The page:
If The Jews of today had nothing to do with what happened to Christ because so many thousands of years has come between the current age; than does this also justify that humankind in general are not responsible for the sins of Adam and Eve the parents of the human race? That happened even longer ago.

If we are not responsible for the sins of our father Adam than we also have no need for Christ who is Jesus the Son of the one true God of Abraham, Isaac and Jacob.

I'm sorry, but what do you mean by "responsible" here please? I do not see how definitions like "being the agent or cause" of something or " held liable or accountable for a particular action" would apply.  No one on this forum was the cause or agent of the Sin of Adam.  How could any person be responsible for the sins or deeds of someone who lived long in the past? 

"For as in Adam all die" is that the result of the original sin is a broken humanity and world. We are all flawed and fall short.  But to continue the verse in Corinthians "even so in Christ shall all be made alive".  Things were broken and Our Lord came to mend things, as it were. 

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The Jews of the past and those we know today do not have this hope. They are still unrepentent for the sins of Adam which was never absolved by the Law but was made known by the Law.

?? How do you know this?  Are you versed in Jewish theology?  Do you know any practicing Jewish people?  There are plenty of examples of repentance in the OT. 

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The fact that the Jews of the Christs era

Some Jews, not all or most, but a small portion in one place in time and location.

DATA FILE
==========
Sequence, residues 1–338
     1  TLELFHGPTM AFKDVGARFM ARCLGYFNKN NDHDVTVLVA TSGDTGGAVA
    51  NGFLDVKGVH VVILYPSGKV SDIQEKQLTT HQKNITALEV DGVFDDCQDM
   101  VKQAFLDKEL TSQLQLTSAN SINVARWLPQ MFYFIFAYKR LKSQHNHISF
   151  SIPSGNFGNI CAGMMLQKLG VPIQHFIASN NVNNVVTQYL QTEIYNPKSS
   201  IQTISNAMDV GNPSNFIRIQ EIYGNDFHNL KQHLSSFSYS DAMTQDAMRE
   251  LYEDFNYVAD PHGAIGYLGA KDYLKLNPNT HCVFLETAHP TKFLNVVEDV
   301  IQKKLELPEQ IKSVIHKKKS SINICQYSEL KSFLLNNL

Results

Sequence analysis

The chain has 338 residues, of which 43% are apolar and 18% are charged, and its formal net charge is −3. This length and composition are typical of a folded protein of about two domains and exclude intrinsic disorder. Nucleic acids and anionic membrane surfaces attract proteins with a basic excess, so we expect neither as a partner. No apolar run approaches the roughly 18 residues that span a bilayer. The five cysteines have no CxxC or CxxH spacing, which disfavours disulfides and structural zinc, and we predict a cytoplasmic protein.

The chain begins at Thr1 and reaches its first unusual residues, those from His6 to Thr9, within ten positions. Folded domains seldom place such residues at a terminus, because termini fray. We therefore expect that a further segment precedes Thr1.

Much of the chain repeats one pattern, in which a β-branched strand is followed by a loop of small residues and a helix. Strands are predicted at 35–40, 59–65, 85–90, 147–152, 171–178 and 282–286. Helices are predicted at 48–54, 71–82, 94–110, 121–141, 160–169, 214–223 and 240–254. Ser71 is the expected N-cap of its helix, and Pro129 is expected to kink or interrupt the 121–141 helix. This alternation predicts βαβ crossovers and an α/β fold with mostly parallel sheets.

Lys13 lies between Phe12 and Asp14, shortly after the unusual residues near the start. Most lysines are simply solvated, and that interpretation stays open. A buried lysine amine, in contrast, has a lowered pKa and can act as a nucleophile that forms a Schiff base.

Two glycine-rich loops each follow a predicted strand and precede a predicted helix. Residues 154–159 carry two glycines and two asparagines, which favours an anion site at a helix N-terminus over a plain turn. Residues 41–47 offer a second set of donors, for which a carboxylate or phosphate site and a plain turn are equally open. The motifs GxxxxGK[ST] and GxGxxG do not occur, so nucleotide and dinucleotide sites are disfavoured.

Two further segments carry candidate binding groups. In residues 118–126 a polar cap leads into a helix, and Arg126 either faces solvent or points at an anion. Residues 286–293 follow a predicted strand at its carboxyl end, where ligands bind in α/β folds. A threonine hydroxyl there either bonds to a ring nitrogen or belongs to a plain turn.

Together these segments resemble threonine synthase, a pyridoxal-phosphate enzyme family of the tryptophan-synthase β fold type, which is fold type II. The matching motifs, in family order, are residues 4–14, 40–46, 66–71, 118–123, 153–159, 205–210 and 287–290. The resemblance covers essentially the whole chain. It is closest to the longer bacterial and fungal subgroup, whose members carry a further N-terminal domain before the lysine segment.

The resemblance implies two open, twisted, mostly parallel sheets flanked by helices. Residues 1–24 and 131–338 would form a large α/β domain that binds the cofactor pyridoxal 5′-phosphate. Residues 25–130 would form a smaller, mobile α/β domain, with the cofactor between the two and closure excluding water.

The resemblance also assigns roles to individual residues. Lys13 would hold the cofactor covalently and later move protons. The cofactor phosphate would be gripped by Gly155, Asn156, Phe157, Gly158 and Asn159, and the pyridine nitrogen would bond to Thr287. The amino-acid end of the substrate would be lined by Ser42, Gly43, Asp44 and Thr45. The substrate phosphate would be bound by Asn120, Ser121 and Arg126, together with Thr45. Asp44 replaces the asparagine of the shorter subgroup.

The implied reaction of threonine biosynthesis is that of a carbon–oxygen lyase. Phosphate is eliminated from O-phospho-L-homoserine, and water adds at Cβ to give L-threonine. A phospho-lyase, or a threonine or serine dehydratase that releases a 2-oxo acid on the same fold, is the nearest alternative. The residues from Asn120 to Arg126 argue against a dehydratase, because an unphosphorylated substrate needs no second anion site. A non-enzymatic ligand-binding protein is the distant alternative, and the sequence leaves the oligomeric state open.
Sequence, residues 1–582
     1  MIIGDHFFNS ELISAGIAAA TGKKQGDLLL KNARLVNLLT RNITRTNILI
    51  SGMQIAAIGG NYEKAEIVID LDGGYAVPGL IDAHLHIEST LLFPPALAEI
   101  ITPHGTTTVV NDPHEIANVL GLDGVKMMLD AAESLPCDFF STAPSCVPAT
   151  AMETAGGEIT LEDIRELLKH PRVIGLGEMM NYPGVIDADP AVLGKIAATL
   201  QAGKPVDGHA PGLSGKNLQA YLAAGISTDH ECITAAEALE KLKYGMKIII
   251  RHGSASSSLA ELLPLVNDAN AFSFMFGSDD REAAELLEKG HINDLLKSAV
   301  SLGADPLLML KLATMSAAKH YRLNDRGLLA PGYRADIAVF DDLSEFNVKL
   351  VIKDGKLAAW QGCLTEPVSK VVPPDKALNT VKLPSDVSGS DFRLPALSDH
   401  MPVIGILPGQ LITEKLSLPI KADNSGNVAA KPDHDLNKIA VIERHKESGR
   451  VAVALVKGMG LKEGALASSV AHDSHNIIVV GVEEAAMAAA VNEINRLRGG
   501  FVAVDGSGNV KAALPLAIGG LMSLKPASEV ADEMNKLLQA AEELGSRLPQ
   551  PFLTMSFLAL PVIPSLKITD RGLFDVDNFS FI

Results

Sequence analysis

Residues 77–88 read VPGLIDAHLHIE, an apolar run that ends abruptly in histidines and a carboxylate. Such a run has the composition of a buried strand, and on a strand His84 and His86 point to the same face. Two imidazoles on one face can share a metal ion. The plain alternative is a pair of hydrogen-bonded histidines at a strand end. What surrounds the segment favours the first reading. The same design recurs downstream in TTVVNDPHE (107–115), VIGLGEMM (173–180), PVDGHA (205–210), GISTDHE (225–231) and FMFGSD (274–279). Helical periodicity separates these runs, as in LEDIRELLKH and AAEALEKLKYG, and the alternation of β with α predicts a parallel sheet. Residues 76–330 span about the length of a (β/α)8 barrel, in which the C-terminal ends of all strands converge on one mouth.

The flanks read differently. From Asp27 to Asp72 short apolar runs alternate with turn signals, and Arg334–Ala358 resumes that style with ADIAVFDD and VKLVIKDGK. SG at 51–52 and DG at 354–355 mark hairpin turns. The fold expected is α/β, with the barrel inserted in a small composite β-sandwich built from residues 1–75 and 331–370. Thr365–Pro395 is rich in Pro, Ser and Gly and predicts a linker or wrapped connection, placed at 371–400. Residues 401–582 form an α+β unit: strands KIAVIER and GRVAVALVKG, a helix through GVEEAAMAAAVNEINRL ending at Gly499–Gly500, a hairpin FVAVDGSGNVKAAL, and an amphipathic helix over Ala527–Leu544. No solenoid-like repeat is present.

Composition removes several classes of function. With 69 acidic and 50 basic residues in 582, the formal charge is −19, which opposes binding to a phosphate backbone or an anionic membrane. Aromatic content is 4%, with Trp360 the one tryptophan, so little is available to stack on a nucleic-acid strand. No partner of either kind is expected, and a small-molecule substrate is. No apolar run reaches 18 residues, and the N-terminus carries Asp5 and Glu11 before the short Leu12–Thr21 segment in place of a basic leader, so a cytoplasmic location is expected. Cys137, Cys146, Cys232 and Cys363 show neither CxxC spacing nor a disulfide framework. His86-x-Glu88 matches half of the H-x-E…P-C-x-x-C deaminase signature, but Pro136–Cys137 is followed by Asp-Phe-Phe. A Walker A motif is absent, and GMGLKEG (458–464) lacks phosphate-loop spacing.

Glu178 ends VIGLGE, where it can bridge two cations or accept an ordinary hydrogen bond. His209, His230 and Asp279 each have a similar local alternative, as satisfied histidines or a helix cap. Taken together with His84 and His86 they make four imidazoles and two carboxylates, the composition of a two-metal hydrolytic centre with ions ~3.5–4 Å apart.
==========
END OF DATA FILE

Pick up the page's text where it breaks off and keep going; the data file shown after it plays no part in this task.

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were guilty of His arrest, trial, persecution, judgement, scorging and crucifiction makes it also a fact that if the Jews today are still the Jews of the time of the Christ

I'm sorry, I do not follow this at all.  The Human Beings alive today are not the same people in Jerusalem in AD 29-33.  How is this a "fact"?

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then they are still just as guilty as if they were standing right thier at the cross laughing and spitting. Many if not most of todays Jews still curse the Lord just like or worse than the Jews of the Christs era.

Just as guilty?  And why do you think that some persons of Jewish background might "curse the Lord"?  Because people who claimed to be followers of Jesus have in many times and places abused, killed, harassed, stolen from them and lied about them.  How could they see such deeds as coming from followers of God? 

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We are to have mercy on them just like Christ has. He asked The Father "forgive them for they know not what they do".

Jesus asked the Father to forgive them, but His followers have at times not but blamed them and taken it on themselves to punish them.   Undecided

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Is it not clear that a man that believes that death and destruction can be a tool to achieve a holy relationship with God is completely lost?

 Huh  I'm sorry again, but what are you talking about here?  Could you please explain?  Thank you in advance.

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He is lost and whoever pushed him onto the blind ally he is on is even more lost.

So, the Christians who killed Jews and told lies about them, thereby teaching them to not trust Christians or their beliefs are more lost?